VFR’s work on the Martin-Zimmerman case

Responding to this morning’s entry, “Hey, Zimmerman was once an innocent-looking boy too,” Alexis Zarkov writes:

You are doing a fabulous job reporting on the Zimmerman case. I haven’t had much time lately to comment as I’m swamped with my professional work and other obligations. Nevertheless I try to keep with with ongoing events, and you are providing the most incisive treatment I’ve seen anywhere. With Zimmerman, we now have proof positive that the MSM, especially NBC, are a pack of liars. Without the Internet, we’d be in the dark.

LA replies:

Thank you very much for that. I really appreciate it. In fact, I feel I’ve done a lot on this story, but based on the sparse mentions at other sites, I haven’t gotten the sense that that my work has been noticed or has made an impact.

By coincidence (hah), at the very moment your e-mail came in, I had just posted my latest on Zimmerman—about the important article in Reuters giving the background of the event.

- end of initial entry -

Jim H. writes:

I noticed the comment from the fellow congratulating you on the coverage of the Zimmerman case.

I hadn’t thought of this before, but this is a very interesting example of how the internet can be used. There’s one main guy with a web site doing commentary and putting everything together, and some other people who are likeminded on that topic feeding him additional information and links in a collaborative effort. Nobody’s really in charge. There are no assignments or to-do lists. Most of the people don’t know each other. People just come together because of a shared interest.

I don’t know what that’s called — open source journalism? It’s not really “journalism” per se, but the net effect of assembling all of this information in one place feels like journalism, because people are able to connect the dots and see the bigger picture in a way that they can’t otherwise. As more information and commentary is collected, the whole becomes greater than the sum of the parts.

It is a worthwhile concept, and it has been interesting seeing it played out on your web site.

LA replies:

I wouldn’t say that no one is in charge. Yes, readers send lots of items which get posted. Readers’ commentary and sending of articles is obviously a big part of the site. But it’s not what you are suggesting, a cooperative, since one person is selecting and editing and posting everything that is posted.

Jim H. writes:

I didn’t literally mean that no one was in charge. Obviously you’re in charge of the site, in addition to writing your own comments. I just meant that a number of different people send in information on their own—simply because they are interested in the issue, and not because they are being instructed to or have been given assignments. You make the call on whether any of that ends up on the site. But it’s cooperative in the limited sense that a number of people are sending information on their own initiative.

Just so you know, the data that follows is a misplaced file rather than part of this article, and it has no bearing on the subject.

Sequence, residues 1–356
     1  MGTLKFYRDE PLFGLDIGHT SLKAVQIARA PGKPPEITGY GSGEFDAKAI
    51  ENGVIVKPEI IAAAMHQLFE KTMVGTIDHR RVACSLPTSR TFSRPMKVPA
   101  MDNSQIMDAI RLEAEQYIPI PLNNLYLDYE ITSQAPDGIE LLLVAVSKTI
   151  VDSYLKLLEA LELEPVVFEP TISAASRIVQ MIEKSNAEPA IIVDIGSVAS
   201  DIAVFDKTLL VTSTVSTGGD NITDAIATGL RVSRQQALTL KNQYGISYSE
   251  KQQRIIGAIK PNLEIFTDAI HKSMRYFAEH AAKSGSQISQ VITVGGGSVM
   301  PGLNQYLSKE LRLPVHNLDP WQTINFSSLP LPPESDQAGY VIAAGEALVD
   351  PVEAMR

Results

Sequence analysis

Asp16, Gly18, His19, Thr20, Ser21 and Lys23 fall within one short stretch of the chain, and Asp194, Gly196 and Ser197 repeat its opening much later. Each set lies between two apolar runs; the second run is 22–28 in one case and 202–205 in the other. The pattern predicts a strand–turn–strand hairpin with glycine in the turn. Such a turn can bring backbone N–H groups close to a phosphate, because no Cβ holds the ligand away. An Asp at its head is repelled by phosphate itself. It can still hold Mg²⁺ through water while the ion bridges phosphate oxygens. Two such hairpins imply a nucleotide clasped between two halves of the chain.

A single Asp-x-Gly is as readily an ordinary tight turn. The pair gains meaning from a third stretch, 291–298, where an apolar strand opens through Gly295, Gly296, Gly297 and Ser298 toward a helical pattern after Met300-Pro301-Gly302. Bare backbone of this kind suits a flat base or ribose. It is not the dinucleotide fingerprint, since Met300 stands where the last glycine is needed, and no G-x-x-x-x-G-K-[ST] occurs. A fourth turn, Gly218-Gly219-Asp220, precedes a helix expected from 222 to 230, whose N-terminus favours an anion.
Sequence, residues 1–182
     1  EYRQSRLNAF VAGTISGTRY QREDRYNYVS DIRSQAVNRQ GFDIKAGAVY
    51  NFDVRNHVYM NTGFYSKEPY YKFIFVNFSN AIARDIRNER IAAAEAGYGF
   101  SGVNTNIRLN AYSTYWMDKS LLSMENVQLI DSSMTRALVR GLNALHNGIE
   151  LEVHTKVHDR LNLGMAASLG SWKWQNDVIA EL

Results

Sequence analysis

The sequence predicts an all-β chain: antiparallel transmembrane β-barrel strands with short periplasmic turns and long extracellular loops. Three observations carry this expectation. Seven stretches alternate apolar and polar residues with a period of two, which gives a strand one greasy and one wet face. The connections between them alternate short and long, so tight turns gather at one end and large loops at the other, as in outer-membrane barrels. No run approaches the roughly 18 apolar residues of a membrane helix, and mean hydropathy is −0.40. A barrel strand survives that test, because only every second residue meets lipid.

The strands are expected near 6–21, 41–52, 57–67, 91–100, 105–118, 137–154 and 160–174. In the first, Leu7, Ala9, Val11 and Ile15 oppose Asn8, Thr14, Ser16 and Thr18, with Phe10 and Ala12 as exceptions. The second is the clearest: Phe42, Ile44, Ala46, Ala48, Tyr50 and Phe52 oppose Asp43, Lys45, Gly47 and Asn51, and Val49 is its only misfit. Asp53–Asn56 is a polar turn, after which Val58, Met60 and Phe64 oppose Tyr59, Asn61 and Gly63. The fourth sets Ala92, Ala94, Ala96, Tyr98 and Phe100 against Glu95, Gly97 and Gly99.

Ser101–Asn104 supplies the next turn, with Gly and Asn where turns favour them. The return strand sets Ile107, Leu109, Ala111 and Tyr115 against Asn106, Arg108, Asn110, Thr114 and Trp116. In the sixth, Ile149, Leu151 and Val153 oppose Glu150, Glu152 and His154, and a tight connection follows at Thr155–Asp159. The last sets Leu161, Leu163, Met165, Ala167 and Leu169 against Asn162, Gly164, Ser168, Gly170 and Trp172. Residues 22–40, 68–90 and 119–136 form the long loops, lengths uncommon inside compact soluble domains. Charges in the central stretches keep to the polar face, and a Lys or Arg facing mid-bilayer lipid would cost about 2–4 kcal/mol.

This is something that I haven’t seen before. On the typical blog there is a post by the blog owner, and then other people comment on that post. Then there’s a different post, often on a different topic. On your blog there has been a real focus on the Zimmerman case, and the total collection of timely commentary and links—a number of which have come from other people—provides a valuable resource. The end result is that your site is the “go-to” place for information on the case. In my humble opinion anyway.

This has made me think about how that model could be used in other situations in which—as often happens—the mainstream media fail to present the other side of the issue.

That’s what I meant to say, but unfortunately I didn’t say it very well.

LA replies:

Right. VFR is (along with The Thinking Housewife) the only blog I know of where many of the initial entries are written by commenters, rather than by the blogger. This is made possible by the fact that I am personally preparing and posting all the comments. So if I receive an e-mail/comment that would make a good entry, I post it as a new entry, rather than as a comment to an existing entry. This gives readers the chance to have a much higher level of participation at VFR than they can have at other blogs. Also, knowing that their comments might be posted as new entries gives readers the incentive to write good comments.

Jim H. replies:

That makes sense. I knew there was something different about your blog, but I couldn’t quite put my finger on it. I think “participation” is the word I was looking for.

LA replies:

At most blogs, the blogger writes what he writes, and largely ignores the comments, which are all handed automatically. As a result, there is often a disconnect between the part of the blog written by the blog owner and the part of the blog consisting of comments. At VFR, I am much more deeply involved in the comments, and the site is more organically interconnected, since I am editing and preparing the comments for posting. I do all this extra work that no other blogger does, and it’s not something valued or even noticed by the world at large, but some VFR readers do see it and value it.

Posted by Lawrence Auster at April 26, 2012 08:26 PM | Send

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